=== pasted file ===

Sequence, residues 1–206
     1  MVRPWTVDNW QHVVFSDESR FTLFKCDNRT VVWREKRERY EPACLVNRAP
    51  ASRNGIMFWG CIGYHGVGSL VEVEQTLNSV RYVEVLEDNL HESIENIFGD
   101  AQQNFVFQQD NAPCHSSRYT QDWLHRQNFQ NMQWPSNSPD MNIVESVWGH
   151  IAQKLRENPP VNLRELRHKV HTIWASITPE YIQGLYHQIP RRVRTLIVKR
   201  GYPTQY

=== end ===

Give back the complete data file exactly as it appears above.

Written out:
Sequence, residues 1–206
     1  MVRPWTVDNW QHVVFSDESR FTLFKCDNRT VVWREKRERY EPACLVNRAP
    51  ASRNGIMFWG CIGYHGVGSL VEVEQTLNSV RYVEVLEDNL HESIENIFGD
   101  AQQNFVFQQD NAPCHSSRYT QDWLHRQNFQ NMQWPSNSPD MNIVESVWGH
   151  IAQKLRENPP VNLRELRHKV HTIWASITPE YIQGLYHQIP RRVRTLIVKR
   201  GYPTQY